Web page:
Although different parts of the brain are responsible for different functions, research has shown that they don’t work independently of each other; there’s no such thing as a right‐brained or left‐brained person: the right side of your brain is traditionally thought of as the “creative” side, responsible for visual and spatial understanding (rhythm, colour, patterns); the left side is associated with logic and responsible for language, numbers, lists, analysis, association. If you can use both sides of the brain together when you learn, it will be most effective. HELP YOUR BRAIN TO STORE AND RECALL INFORMATION You need to store information but more importantly, you need to be able to recall it when you need to. Your brain is programmed to remember: the first and last things it encounters in a learning session things which are associated or linked things which are outstanding, exaggerated, humorous or unique TFF
things which appeal to your senses things which appeal to your interests patterns and sequences The ideas which follow are all things which work for people – try a few and see which work for you. You may find that some work for you in some subjects, but others are better elsewhere. USE MINDMAPS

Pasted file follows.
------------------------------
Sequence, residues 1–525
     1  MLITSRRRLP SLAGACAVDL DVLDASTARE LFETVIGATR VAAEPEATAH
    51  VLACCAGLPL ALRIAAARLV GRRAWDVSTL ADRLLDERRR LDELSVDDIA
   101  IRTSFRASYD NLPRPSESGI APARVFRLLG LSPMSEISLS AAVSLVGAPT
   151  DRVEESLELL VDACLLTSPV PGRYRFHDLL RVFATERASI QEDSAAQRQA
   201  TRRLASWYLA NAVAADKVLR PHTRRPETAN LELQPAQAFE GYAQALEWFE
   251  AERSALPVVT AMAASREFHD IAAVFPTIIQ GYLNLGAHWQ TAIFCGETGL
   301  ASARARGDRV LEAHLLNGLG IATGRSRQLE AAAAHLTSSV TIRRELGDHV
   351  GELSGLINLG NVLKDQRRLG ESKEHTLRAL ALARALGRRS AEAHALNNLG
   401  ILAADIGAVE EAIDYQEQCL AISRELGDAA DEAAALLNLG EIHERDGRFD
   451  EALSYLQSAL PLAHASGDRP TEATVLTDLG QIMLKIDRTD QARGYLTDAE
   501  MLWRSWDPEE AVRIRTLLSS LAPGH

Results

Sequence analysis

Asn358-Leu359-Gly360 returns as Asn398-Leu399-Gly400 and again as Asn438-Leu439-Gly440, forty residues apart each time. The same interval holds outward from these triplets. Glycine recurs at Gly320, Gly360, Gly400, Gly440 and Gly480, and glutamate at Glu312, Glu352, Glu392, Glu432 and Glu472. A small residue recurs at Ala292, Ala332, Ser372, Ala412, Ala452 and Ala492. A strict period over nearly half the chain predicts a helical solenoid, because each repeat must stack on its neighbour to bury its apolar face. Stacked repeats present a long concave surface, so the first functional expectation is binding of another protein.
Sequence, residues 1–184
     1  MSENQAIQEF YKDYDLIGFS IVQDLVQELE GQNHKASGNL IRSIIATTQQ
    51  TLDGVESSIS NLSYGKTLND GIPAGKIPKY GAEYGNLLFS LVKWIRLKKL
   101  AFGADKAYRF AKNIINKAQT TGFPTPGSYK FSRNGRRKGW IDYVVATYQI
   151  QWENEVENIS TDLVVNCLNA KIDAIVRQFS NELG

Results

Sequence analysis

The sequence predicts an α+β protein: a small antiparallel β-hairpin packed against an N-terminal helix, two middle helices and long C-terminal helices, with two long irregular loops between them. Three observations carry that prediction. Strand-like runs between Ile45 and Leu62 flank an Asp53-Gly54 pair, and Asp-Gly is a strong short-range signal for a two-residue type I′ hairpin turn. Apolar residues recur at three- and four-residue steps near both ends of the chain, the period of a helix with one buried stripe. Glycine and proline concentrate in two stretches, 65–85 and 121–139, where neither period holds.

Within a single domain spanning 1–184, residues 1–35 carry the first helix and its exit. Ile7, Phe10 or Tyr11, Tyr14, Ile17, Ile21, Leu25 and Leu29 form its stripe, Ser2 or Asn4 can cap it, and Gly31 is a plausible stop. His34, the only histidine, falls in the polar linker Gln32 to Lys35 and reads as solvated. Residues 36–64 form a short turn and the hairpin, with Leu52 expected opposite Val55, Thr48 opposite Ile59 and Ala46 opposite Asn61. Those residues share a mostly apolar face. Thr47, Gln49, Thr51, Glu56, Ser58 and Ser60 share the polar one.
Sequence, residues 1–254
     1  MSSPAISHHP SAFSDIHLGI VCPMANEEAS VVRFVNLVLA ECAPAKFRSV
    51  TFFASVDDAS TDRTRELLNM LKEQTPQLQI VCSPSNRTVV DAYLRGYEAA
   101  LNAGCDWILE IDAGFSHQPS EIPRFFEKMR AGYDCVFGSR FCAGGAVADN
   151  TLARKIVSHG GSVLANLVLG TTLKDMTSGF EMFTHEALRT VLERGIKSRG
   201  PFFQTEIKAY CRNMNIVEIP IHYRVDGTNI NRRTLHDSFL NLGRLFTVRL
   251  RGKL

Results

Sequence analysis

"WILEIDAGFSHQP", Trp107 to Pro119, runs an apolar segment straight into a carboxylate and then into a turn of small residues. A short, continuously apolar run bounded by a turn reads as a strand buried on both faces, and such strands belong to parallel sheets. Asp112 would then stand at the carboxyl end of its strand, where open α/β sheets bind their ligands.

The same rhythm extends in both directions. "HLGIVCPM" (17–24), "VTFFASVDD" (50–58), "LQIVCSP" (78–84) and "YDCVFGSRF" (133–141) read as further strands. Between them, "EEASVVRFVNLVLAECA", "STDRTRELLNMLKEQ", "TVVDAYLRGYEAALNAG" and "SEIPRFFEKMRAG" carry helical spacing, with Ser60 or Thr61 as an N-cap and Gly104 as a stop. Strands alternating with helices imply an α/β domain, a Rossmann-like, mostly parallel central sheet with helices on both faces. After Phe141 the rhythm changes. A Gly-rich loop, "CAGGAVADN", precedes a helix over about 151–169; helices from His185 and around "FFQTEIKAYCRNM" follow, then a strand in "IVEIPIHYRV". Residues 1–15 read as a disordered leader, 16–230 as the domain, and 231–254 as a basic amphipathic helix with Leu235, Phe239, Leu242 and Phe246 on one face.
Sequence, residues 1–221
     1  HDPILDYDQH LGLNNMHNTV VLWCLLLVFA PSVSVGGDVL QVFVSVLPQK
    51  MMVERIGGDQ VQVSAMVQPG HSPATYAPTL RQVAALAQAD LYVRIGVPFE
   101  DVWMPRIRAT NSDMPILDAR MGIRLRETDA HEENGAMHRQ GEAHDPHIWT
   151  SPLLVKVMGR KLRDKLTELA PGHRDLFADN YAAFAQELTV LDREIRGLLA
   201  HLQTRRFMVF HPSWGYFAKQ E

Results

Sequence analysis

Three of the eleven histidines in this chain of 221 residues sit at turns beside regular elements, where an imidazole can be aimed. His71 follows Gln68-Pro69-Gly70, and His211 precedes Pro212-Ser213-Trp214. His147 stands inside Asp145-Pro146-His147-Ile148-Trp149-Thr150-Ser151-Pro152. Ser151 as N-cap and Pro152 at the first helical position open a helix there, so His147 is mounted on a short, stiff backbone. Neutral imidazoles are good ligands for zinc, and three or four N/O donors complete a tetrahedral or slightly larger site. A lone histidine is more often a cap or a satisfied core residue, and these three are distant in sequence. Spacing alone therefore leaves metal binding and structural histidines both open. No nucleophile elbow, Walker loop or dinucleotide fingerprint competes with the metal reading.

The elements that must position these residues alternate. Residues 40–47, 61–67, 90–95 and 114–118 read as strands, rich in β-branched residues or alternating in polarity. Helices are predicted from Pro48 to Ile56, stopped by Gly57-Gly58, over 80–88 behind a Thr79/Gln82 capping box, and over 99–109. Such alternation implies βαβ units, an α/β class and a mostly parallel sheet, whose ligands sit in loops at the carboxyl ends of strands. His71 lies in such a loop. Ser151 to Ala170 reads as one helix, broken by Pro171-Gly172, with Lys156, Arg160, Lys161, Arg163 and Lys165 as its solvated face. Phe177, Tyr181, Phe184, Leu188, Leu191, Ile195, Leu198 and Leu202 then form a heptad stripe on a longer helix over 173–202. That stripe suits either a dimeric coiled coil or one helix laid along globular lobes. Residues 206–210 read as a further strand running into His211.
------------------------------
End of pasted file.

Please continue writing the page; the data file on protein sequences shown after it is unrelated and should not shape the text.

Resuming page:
Vitaly Kolesnik (CC BY‐NC‐SA 2.0)
Start with the central idea or topic and radiate out. Use keywords for key areas – like chapter headings – and then sub‐ topics. Use colours to code and emphasise. Use images to stimulate creativity in your brain and create associations. Vary text size, width of lines. Use arrows and other links to show connections and create movement. Use symbols to code related items. Use numbers if you need to remember things in order. Don’t worry if it gets messy! TFF